Note: Some useful information on the different types of Central Heating
system can be found on this commercial website:
By Dave Williams, a.k.a. "Trollard", 21/5/96 edited by Matthew Marks
This comprises a boiler and a hot water storage cylinder having a capacity of typically 25-40 gallons. The water in the cylinder is heated by an internal coiled tube fed from the boiler. Circulation between them is either gravity (relying on convection to produce circulation) or pumped. The cylinder will be fed from a cold water storage/expansion cistern with a capacity equal to or greater than it. This is supplemented by a separate cistern, typically 10 gallons, which acts as a feed and expansion vessel for the boiler circuit and space heating system. The water in the boiler and radiators is thus kept separate from the domestic hot water, reducing problems of scale build-up or corrosion from dissolved air or impurities, and allowing corrosion inhibitor to be added.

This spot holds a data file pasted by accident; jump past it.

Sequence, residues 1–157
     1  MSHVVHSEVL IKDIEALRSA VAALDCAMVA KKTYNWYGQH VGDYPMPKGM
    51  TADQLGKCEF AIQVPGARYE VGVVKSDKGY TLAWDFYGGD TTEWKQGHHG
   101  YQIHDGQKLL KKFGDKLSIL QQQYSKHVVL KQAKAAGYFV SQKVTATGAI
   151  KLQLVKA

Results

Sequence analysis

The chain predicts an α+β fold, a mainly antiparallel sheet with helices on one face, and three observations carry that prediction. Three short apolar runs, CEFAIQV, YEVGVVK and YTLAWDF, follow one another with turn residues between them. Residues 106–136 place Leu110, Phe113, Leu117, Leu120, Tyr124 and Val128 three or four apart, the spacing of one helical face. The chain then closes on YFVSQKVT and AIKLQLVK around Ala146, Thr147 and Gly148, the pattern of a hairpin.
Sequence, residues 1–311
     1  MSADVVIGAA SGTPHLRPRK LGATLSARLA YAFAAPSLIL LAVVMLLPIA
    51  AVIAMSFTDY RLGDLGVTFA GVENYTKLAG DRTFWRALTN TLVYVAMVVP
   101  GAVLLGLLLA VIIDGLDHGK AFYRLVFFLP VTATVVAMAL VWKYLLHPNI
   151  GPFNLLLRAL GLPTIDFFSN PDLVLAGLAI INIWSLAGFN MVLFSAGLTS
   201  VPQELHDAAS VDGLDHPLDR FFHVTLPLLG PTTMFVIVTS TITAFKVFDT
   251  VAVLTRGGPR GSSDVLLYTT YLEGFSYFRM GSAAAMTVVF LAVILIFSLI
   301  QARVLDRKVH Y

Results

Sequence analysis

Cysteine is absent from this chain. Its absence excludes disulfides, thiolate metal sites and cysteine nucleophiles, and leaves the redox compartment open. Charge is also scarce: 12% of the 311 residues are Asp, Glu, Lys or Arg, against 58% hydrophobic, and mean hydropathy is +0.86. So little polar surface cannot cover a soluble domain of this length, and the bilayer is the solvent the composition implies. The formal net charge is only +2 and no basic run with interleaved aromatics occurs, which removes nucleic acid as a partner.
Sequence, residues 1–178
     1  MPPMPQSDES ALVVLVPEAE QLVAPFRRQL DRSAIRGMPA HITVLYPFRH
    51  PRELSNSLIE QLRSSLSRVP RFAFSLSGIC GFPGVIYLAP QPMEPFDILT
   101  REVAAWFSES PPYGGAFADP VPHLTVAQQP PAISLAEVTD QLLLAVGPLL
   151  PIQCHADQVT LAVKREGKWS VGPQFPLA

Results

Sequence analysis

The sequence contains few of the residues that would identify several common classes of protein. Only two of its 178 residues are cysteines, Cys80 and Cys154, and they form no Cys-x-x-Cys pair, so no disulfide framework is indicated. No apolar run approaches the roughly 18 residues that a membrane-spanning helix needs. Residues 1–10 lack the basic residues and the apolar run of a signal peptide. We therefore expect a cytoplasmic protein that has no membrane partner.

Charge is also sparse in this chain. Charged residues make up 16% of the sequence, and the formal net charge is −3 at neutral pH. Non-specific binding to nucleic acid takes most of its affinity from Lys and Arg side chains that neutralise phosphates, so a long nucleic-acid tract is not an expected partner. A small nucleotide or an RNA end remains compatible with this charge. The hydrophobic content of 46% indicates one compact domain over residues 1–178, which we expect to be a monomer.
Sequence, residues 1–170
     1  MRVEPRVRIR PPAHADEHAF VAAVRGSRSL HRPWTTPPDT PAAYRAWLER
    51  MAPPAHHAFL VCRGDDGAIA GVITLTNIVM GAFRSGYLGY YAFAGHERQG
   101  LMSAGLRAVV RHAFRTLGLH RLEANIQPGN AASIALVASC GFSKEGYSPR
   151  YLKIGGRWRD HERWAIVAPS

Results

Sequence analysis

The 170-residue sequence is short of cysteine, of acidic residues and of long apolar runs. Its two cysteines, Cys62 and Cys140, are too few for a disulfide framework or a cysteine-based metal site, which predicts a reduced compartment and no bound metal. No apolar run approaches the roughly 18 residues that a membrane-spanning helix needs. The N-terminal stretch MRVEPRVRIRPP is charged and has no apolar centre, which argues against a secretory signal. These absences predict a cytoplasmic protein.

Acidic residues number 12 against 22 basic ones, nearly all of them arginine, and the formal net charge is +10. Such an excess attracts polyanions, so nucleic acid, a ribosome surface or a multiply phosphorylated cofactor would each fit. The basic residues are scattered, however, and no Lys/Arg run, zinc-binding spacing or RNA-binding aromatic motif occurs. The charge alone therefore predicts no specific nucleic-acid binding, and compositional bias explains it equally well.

Gravity systems usually have no control specific to the hot water, and use the pump as control for the heating system. This means that the cylinder is heated whenever the boiler is on, leading to very hot water when heating is required, and it is also possible for some radiators to heat up when the pump is off, due to convection. Control can be provided by mechanical means (valve on return to boiler, sensing return water temperature) or electrical (cylinder thermostat operating motorised valve). In any case, the boiler always (except in very special cases such as Agas) has its own thermostat to limit the temperature of the water passing through it.
Pumped systems usually have a three-port motorised valve (q.v.), which can supply for the cylinder, for heating or for both. The valve, pump and boiler are controlled by the timer and room and cylinder stats. More complicated arrangements can include extra two-port valves for different heating zones.